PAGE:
Mexico City wants to ban the sale of cold beer to crack down on public drinking, and people are outraged

  • A Mexico City lawmaker introduced a motion to ban the sale of cold beer at convenience stores.
  • The initiative aims to stop public and underage drinking by limiting alcoholic beverages that are available for immediate consumption.
  • The proposal faced severe backlash on Twitter with the trending hashtag #Don’tMessWithOurBeer (#ConLasCervezasNo).
  • Visit INSIDER’s homepage for more stories.

A motion to ban the sale of cold beer in Mexico City’s convenience stores has sparked a backlash across the country, with social media users exclaiming #Don’tMessWithOurBeer (#ConLasCervezasNo).

Politician Lourdes Paz Reyes proposed the ban on Wednesday as part of an initiative to reduce public and underage drinking, parliament documents show.

The motion aims to limit the amount of alcoholic beverages that are “available for optimal and immediate consumption.” That means that it would prohibit convenience stores from selling refrigerated beers or other drinks with 7% or less in alcohol content.

Paz Reyes blamed the increasing number of “chelerías,” informal stores that sell cheap beer to be consumed on the spot. Besides banning the sale of cold beverages, she wants stores to put up signs warning customers that they will face big fines if they drink in public.

Social media users reacted to her proposals with disbelief.

“The brilliant deputies of the Morena party are worried about cold beers for immediate consumption instead of worrying about the insecurity in our country,” one user tweeted.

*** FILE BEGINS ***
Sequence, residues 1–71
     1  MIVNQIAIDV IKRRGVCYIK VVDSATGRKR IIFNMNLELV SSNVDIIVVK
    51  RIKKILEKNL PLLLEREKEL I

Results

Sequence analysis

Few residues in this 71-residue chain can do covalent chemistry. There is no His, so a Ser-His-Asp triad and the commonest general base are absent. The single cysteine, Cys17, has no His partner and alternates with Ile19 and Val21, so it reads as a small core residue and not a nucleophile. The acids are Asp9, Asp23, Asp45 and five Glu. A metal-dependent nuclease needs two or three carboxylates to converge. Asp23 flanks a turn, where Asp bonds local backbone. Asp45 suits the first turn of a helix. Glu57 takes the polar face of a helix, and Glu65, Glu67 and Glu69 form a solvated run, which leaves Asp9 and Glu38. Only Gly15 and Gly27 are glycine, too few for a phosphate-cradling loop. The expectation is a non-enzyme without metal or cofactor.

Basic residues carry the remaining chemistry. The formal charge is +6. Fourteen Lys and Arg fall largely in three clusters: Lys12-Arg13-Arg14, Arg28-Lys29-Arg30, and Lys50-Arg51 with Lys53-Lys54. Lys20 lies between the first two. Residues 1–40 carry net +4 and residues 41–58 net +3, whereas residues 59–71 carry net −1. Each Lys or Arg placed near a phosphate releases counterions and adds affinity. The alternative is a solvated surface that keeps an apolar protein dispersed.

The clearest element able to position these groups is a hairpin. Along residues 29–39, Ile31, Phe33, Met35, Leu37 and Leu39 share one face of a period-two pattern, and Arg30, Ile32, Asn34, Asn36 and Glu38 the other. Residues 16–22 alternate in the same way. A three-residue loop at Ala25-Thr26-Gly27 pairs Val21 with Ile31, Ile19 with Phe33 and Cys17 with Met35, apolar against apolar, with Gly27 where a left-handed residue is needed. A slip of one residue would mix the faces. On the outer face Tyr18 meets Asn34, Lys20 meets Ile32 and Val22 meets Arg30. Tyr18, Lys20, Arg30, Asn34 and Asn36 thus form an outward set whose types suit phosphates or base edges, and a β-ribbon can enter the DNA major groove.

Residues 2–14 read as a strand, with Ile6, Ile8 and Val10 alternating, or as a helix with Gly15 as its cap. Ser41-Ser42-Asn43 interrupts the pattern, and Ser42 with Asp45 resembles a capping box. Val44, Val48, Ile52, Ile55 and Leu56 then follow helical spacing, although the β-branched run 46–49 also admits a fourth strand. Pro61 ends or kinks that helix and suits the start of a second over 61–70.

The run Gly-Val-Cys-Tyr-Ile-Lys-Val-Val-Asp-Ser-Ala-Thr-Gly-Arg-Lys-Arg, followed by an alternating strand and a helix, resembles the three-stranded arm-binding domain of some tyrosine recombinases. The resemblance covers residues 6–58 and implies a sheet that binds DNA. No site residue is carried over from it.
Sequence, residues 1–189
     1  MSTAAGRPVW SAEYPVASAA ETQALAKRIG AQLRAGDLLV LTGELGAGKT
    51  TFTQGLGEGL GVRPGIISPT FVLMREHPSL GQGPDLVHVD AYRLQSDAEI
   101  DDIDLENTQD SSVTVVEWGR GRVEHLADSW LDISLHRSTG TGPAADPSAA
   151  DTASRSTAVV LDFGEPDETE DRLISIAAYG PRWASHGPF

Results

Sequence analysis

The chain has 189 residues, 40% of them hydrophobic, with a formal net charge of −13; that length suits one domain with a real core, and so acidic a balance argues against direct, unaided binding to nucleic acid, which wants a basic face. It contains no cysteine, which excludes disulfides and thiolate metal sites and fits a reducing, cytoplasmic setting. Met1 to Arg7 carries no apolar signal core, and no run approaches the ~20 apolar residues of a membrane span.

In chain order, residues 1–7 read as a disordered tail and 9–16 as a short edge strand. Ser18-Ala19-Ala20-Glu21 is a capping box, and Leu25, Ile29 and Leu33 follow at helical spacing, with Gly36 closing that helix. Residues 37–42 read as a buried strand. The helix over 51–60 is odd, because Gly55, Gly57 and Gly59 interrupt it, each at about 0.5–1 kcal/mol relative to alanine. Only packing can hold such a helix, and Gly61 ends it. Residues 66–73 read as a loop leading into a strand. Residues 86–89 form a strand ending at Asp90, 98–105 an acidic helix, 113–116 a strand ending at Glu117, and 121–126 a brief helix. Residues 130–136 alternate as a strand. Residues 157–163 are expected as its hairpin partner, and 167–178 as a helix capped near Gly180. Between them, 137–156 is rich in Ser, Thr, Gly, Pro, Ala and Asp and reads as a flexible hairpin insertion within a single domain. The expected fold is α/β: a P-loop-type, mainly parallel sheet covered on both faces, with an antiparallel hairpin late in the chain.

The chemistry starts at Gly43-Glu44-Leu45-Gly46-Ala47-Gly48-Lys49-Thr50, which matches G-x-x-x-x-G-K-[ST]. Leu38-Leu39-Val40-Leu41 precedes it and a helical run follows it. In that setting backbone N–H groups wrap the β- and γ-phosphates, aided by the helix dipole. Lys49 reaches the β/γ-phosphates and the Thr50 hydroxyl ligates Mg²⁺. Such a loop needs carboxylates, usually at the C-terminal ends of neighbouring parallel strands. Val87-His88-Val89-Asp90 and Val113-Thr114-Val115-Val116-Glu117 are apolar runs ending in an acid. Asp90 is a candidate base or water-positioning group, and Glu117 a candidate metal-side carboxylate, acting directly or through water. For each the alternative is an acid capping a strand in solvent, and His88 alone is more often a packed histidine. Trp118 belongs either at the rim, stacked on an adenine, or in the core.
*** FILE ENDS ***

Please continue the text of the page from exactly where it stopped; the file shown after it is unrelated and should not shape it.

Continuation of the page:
Another person said warm beer would not stop him from drinking: “I don’t even stop drinking beer when I have gout.”

“To reduce obesity, we should sell cold tacos,” one Twitter user joked.

Alcohol currently poses a serious threat to public health in Mexico, according to a survey about national alcohol consumption. As Mexicans drink more and more heavily, 6.5% of deaths are caused by the irresponsible consumption of alcohol.

For some people in Mexico, the outrage should be directed at people drinking in public, rather than the motion.

More than 75% of Mexico City residents believe that “criminal and antisocial behaviour” in their neighbourhood is caused by people drinking in the street, according to a survey that tracks perceptions of public security.

“There is no doubt that we have the country that we deserve. Insecurity starts from the moment they start drinking outside the store or on the street,” a user tweeted.

“But it is more important to defend cold beer than to complain about the drunks on the street.”

Business Insider Emails & Alerts

Site highlights each day to your inbox.

Follow Business Insider Australia on Facebook, Twitter, LinkedIn, and Instagram.